July 8

What Would a Turbine See if it Looked in a Mirror?

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In case you missed our full ​blog explaining Chaleur Ventus and Visual Impact Assessments click the button.

The answer to that question is simple, it would see itself. However, looking in a mirror is much different than looking at a wind turbine.

​​​​​​​​A person looks up in the sky to see a turbine. You don't look down on a community from the height of a turbine. There's factors like elevation, trees, and weather that come into play for visual impact.

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​A large part of developing a wind farm is the visual impact. We are the only local utility-scale renewable energy developer in the province so we are passionate about the care taken in creating our scientific studies. There have been contradicting photos taken by an aerial videography company that shows the view from the height of a turbine looking down, suggesting that the ​Village Historique Acadien would be in view of the turbines. ​These photos do not follow scientific principles and are ​inaccurate in concluding that turbines will be visible from the key areas in the village. Photos were obtained from an Acadie Nouvelle Article.

​F. J. Productions: supposedly corresponding to the location where the turbines would be erected without using scientific methods, or professional engineers.

F. J. Productions: supposedly corresponding to the location where the turbines would be erected without using scientific methods, or professional engineers.

​Our Visual Impact Assessment was completed by WSP, a third-party professional services firm with over 25 years of experience. As engineers, they all have professional standards to follow. Their standards ensure that their work is accurate, true, while having a regard for the safety of life, health and welfare of the public and employees who may be affected for the work which they are responsible.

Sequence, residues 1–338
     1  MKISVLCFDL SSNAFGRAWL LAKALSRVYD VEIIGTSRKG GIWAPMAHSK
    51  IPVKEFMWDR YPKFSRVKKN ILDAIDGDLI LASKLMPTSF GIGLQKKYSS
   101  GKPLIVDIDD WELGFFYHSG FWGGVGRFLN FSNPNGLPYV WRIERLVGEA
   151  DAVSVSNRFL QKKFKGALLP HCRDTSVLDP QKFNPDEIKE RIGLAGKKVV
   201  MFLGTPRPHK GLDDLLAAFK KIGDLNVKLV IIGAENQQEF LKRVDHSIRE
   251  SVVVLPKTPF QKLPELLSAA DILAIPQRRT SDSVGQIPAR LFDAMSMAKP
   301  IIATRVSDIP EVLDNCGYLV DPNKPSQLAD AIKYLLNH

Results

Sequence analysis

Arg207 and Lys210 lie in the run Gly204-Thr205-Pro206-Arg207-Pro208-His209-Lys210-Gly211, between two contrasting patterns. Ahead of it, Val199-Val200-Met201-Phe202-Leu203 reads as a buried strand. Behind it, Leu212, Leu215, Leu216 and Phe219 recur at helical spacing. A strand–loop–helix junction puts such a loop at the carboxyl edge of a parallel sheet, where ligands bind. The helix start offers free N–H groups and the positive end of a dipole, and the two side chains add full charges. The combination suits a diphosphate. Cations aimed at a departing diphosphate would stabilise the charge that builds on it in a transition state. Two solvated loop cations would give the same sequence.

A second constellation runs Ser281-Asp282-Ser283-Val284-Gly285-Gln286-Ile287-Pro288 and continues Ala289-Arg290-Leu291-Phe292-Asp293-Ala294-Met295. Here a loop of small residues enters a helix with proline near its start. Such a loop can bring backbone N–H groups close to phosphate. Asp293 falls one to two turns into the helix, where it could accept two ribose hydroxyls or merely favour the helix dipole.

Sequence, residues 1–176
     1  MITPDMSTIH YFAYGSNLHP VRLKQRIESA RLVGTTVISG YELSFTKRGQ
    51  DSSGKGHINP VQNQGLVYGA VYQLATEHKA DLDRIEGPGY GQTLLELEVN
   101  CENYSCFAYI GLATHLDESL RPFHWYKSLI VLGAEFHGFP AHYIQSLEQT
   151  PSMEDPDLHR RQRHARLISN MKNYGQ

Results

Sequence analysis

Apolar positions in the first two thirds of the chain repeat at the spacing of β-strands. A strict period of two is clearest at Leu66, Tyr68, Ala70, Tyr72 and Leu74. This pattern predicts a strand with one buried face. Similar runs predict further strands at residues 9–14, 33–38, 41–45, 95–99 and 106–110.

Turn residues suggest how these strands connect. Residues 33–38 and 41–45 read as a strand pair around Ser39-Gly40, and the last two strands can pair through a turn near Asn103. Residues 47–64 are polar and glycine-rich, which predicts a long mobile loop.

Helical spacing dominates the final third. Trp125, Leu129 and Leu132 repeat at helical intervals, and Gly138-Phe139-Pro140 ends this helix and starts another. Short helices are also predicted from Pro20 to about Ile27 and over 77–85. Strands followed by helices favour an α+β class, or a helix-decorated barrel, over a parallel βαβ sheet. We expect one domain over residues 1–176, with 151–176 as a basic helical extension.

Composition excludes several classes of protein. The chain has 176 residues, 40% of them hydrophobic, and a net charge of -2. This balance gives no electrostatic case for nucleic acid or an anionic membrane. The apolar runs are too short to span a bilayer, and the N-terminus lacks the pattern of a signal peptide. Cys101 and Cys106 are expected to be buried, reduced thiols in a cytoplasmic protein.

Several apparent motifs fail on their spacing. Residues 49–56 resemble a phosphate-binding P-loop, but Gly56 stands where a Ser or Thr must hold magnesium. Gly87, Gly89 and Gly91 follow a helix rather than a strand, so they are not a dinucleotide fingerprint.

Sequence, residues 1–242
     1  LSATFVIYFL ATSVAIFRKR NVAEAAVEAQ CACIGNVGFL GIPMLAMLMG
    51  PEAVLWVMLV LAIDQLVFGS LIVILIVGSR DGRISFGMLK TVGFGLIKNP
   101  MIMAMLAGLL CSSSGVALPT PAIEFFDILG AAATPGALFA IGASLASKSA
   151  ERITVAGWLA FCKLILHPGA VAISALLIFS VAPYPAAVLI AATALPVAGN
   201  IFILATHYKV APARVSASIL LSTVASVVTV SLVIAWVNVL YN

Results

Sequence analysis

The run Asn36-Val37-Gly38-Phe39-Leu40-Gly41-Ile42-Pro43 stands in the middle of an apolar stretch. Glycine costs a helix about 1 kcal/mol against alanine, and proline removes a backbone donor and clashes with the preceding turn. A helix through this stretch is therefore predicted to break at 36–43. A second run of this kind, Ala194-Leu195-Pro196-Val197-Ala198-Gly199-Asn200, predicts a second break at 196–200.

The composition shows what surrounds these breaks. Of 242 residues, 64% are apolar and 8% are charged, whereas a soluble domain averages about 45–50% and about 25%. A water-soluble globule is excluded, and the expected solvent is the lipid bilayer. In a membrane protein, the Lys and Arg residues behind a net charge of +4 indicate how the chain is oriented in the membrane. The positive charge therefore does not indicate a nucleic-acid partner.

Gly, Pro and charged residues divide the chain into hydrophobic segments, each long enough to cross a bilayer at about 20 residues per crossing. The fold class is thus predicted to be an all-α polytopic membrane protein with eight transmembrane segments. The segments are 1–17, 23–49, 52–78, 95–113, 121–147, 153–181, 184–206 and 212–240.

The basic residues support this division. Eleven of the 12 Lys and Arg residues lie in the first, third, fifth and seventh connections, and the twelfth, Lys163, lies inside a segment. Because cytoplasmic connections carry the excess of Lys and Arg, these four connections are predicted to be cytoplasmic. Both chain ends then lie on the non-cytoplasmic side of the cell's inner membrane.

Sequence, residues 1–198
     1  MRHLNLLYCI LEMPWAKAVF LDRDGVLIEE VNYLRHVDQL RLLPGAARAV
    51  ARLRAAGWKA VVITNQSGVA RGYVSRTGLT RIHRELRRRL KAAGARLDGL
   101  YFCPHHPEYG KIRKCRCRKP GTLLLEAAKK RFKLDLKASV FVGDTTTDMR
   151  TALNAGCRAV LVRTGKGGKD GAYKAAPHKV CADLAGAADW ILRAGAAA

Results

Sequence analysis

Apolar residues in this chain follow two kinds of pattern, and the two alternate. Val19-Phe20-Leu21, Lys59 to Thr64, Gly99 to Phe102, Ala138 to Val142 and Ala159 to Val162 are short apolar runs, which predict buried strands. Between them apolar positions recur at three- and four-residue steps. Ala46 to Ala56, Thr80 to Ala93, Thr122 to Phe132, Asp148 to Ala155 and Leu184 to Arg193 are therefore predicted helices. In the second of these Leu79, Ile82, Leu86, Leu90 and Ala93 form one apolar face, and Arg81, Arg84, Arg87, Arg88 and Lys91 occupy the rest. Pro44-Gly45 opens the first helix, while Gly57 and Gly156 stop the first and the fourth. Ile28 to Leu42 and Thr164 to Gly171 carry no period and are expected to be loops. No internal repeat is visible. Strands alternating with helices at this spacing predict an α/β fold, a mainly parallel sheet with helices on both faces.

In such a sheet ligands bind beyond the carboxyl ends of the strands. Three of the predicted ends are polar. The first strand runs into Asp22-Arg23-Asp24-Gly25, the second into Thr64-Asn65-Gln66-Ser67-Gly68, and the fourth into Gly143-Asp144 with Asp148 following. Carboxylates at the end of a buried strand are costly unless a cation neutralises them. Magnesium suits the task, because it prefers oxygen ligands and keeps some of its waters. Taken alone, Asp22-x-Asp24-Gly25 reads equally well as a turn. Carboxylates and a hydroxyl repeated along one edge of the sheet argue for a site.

​​​​​"Engineers endeavour to extend public knowledge of engineering and geoscience and discourage the spreading of untrue, unfair and exaggerated  statements regarding engineering and geoscience." @APEGNB_AIGNB

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​Click on each image to open full-size

A Visual Impact Assessment simply can’t be completed with a drone. WSP used visibility tools to identify which observable points are visible from each raster surface location.

​​Inputs into the model include a grid of ground elevations of the area around the turbines, the height of the objects being observed, and the height of the observer. An elevation grid was obtained from Natural Resources Canada.


​Visual Impact Assessment

​​​​​​"The visibility analysis results in what can be considered a "worst-case" viewshed area several factors were not accounted for that would limit the visibility of turbines." - WSP

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​​We are confident in the results created by professional third-party firms, and have spent extra hours and funds to mitigate potential concerns. As the only local utility-scale renewable developer in the province, we care about what is being ​built in they place we call home.

​Aerial photos by: ​FJ Productions​ (we know who we should reach out to when we need video for our future community projects in northern NB!)

If you’re still curious to read more details about the Chaleur Ventus Visual Impact Assessment, and other studies, you can do so by clicking the button.

About the Author

Sarah Arsenault has a Bachelor of Arts degree with a double major in Communications and Journalism. She has five years in the Communications field, with a focus in Marketing. ​She’s responsible for getting blogs like this one onto your screen for you to read, and to engage the community about clean energy through the use of promotional material, website, and social media.

Sarah has considerable experience in event planning and community engagement during her time at an established regional non-profit organization. She was involved in the creation, implementation, and completion of a $2.2 million fundraising campaign, which was the largest campaign in the non-profit’s 35-year history. ​

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